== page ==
For local business owners, Carhenge is a cash cow. Local gas station owner Nick Singh said he estimated that Carhenge’s presence boosts his sales by 25 percent to 50 percent.
“It makes a pretty big difference,” he said.
Restaurants also receive a steady trickle of Carhenge customers. Melanie Mann, the owner of Newberry’s Common Ground café in Alliance, said she estimated that during peak season, two customers visit her restaurant after seeing Carhenge every day.
“It’s a great attraction. It brings people to town,” Mann said.
At first, the locals hated Carhenge, according to Thomas. One woman deliberately had her house built so that her windows faced away from it.
“She’s now dead,” Thomas said. “Carhenge is still there. So that didn’t work well for her.”
The prosperity that Carhenge brought to Alliance made it valuable to the city and to relatively nearby towns. In 2011, Friends of Carhenge, the volunteer association that owned the circle, put it up for sale for a staggering $300,000, Thomas said.
Friends of Carhenge eventually sold the attraction to the Alliance City Government.
“We didn’t want to move it. We didn’t want to lose it,” Thomas said, “because it brings many people in today.”
Perhaps the United States has so many roadside attractions because it has so many roads. Driving them almost allows travelers to understand timelessness.
After a few hours driving the Great Plains, you begin feeling as though you haven’t gotten anywhere. The small towns, the road, and the endless sky are the same.
Only sound still indicates time. So, you listen to music or the radio until it starts to sound the same. Time seems to disappear. People mistake the feeling that follows for boredom, but it’s really restlessness before an unchanging eternity.
When drivers on the Great Plains see a sign for “The World’s Biggest Ball of Twine,” they pull over because they want to be reminded of size and distinction. The Timeless Plains swallow those qualities like the ocean swallows a life raft.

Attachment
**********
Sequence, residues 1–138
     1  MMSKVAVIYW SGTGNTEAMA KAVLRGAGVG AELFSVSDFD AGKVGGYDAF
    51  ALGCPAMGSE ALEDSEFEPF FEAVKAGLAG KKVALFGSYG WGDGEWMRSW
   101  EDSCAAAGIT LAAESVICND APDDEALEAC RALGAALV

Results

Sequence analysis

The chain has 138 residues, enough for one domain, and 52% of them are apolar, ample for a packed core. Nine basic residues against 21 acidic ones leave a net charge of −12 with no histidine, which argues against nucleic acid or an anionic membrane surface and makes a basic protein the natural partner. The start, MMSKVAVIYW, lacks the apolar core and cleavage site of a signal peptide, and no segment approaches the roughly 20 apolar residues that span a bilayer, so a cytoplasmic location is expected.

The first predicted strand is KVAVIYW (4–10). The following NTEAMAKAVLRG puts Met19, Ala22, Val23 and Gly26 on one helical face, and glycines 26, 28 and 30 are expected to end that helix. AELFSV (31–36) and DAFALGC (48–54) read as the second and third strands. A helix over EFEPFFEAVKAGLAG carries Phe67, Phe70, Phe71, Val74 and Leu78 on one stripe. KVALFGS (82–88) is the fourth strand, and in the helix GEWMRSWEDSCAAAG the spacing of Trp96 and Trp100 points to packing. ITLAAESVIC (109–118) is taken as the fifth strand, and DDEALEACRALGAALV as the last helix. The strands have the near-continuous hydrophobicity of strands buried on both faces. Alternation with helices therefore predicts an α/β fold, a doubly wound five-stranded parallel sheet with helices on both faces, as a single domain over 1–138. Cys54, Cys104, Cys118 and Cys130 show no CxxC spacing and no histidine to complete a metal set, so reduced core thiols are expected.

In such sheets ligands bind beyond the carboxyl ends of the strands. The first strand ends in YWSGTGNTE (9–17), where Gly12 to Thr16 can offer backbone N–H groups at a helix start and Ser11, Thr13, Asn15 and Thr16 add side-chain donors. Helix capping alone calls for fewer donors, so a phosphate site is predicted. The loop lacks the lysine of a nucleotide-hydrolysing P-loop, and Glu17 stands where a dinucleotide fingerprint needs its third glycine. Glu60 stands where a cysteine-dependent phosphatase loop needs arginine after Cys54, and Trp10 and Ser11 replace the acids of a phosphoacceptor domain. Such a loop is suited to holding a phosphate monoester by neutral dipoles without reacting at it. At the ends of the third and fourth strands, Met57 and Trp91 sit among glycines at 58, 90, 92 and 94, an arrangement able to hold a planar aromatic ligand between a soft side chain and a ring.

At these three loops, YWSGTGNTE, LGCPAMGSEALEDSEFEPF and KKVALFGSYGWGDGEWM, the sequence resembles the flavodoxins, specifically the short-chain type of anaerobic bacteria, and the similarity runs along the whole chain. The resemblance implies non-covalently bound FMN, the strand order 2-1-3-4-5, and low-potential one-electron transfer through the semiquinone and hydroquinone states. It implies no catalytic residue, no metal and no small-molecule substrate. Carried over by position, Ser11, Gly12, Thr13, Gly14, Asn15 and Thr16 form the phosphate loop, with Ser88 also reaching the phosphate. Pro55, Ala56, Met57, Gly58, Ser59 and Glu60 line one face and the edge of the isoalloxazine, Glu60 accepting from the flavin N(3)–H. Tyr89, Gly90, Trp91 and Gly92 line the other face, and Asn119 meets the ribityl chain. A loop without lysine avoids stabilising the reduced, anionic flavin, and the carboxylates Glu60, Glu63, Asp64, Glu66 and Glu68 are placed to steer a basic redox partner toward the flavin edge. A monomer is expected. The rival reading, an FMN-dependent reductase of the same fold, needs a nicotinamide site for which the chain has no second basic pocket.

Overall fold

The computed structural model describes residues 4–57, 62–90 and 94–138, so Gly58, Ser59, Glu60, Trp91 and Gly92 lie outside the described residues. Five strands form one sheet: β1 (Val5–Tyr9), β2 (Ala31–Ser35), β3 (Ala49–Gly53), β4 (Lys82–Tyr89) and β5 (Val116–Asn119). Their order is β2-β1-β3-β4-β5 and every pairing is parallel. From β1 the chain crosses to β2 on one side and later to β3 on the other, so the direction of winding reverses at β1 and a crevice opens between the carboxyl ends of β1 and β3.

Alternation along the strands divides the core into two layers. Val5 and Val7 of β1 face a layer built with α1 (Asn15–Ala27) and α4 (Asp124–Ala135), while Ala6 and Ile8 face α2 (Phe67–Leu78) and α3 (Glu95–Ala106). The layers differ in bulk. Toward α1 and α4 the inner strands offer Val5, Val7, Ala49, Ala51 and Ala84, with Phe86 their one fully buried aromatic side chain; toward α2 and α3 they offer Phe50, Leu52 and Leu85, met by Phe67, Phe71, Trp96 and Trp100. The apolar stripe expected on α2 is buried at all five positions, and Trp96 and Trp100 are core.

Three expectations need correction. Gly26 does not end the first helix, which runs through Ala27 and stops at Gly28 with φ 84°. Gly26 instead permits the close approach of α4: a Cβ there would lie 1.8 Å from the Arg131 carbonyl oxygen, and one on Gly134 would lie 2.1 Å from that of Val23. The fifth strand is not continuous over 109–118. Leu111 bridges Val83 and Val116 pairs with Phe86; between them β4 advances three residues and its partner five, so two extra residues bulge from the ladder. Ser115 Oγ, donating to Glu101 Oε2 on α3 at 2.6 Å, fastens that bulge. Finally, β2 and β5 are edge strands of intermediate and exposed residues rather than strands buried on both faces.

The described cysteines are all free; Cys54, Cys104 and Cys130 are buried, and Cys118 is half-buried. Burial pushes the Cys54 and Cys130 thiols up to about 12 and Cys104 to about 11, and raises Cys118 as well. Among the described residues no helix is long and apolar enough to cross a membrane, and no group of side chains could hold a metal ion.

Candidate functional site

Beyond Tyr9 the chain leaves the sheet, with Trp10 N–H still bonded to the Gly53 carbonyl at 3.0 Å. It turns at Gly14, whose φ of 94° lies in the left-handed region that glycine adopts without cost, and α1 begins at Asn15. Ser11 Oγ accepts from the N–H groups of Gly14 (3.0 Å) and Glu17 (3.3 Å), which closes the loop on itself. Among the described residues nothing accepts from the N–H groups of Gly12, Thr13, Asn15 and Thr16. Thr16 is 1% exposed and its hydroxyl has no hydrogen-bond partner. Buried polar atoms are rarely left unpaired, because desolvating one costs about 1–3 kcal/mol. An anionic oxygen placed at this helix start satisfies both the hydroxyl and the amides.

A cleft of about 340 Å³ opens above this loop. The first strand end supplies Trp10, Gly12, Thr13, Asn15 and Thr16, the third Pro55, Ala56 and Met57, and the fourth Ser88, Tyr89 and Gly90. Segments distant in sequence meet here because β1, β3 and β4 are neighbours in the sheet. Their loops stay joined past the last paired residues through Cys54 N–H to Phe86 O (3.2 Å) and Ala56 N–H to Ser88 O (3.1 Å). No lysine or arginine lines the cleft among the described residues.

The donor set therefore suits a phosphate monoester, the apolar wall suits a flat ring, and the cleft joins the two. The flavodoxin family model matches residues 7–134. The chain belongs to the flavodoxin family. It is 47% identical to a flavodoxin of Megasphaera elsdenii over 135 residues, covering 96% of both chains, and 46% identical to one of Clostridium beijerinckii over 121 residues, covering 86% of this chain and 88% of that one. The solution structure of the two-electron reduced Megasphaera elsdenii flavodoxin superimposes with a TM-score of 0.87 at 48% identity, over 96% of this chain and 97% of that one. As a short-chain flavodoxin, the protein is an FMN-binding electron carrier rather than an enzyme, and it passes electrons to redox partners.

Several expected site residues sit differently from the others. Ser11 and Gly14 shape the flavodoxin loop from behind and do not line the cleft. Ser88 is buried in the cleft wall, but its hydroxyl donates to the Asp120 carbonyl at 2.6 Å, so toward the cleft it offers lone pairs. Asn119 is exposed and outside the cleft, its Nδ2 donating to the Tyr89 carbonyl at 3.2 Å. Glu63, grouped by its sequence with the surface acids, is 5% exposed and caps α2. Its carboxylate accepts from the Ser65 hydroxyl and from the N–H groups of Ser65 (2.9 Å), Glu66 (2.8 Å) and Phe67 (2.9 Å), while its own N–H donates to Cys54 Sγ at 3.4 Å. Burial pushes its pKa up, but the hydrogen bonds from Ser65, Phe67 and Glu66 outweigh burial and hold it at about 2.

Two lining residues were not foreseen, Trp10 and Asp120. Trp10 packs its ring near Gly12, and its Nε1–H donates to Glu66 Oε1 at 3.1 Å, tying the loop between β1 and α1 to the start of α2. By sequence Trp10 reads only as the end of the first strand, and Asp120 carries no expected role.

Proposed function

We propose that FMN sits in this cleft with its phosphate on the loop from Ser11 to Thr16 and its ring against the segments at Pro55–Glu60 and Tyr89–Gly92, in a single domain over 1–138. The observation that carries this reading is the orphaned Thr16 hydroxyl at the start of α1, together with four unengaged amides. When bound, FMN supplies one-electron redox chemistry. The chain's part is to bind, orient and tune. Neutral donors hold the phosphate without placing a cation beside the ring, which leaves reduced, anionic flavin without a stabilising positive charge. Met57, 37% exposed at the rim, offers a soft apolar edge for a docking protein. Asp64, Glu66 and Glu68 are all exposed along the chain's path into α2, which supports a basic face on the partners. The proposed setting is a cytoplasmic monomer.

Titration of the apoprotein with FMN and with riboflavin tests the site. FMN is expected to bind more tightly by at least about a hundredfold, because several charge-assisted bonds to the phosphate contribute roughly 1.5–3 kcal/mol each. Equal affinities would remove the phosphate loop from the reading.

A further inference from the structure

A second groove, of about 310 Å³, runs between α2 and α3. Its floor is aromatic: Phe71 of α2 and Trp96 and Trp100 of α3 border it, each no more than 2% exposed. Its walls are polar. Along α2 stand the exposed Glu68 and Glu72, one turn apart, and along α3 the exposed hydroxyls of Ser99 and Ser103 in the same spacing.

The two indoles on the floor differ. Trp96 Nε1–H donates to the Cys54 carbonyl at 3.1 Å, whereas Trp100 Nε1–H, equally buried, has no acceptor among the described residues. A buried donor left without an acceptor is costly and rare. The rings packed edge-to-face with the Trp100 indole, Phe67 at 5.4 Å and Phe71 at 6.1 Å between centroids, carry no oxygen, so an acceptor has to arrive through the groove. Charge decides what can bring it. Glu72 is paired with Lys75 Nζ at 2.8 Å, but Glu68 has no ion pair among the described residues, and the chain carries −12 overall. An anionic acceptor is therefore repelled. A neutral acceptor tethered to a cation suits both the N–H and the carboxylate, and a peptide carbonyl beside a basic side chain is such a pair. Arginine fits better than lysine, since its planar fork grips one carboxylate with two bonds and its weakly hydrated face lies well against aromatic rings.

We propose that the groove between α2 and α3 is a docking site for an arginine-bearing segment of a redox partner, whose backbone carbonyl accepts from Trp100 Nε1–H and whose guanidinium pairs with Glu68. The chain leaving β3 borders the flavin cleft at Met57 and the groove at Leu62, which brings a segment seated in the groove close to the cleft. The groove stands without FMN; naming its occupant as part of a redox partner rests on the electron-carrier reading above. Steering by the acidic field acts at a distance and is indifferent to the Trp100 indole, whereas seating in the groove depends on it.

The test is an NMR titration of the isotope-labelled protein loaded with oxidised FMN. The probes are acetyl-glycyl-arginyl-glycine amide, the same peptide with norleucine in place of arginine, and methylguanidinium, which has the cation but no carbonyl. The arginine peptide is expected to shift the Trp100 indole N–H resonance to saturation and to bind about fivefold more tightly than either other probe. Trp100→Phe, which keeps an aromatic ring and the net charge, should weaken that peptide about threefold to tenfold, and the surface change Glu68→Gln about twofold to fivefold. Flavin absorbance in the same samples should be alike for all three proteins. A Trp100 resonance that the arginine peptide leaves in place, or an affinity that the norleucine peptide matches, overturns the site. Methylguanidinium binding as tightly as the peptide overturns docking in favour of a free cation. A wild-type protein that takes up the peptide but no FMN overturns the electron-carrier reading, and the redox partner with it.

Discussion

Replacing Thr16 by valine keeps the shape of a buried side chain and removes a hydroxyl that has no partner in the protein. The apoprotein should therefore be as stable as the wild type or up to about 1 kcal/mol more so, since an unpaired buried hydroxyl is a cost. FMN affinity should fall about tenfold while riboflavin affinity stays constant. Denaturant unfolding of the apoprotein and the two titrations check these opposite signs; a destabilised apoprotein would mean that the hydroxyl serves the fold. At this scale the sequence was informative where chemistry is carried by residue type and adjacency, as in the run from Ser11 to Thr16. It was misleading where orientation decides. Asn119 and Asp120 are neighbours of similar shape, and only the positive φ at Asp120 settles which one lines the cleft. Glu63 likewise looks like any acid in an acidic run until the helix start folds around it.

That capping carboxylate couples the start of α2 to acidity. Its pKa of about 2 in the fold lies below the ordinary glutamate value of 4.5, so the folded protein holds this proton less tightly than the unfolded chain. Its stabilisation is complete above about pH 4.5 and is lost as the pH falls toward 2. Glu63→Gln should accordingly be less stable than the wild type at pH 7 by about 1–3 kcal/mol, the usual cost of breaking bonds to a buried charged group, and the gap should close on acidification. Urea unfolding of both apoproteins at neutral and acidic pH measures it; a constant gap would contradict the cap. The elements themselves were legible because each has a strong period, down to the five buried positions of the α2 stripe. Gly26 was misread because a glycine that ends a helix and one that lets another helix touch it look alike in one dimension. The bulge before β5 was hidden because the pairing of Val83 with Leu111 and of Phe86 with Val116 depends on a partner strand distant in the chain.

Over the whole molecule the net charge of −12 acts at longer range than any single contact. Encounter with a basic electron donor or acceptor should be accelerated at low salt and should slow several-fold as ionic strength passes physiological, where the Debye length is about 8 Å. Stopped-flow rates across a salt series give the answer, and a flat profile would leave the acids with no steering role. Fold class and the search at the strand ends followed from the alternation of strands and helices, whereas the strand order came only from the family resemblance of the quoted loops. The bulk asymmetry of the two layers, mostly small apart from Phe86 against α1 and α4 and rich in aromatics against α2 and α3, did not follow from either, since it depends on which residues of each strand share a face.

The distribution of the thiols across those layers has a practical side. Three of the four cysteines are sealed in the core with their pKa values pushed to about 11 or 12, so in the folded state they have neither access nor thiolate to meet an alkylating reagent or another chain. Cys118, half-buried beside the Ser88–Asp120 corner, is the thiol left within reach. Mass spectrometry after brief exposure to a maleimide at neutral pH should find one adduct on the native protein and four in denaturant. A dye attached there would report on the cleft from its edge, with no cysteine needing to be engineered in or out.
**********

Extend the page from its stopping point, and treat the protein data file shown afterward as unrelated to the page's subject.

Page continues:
Compared to other countries, The United States has more roads that pass through far fewer populated areas. Among First World countries, only Australia and Canada compare with the United States in low population density and large areas.
Interestingly, these countries both have several strange roadside attractions. Australia has the World’s Largest Sheep and the World’s Largest Pineapple, while Canada boasts the World’s Largest Lobster, the World’s Biggest Axe, and the World’s Biggest Dinosaur.
But these attractions differ from America’s in a crucial way. They celebrate local industries, while Americans often build their attractions without any clear economic reason.
Travelers and Destinations
America’s roadside attractions may be located in many different places, but in one way, they’re all at the same intersection. They stand at the point where one person’s creative desire meets with another person’s urge to discover.
In even the strangest roadside attractions, it’s possible to see the devoted attention of an artist. It seems odd that someone would put so much care into creating a ball of twine or calculating the exact angle at which to bury cars so they could mimic Stonehenge, but Francis Johnson and Jim Reinders did just those things.
It seems equally strange that thousands of people drive countless miles to see these places and others like them.
A cynic might dismiss this peculiar meeting of minds as mere kitsch. And like most tourist activities, roadside attractions do thrive on kitsch. But America’s obsession with roadside attractions also has a deeper meaning.
It reveals a nation always eager to find and also create the world’s most unusual places.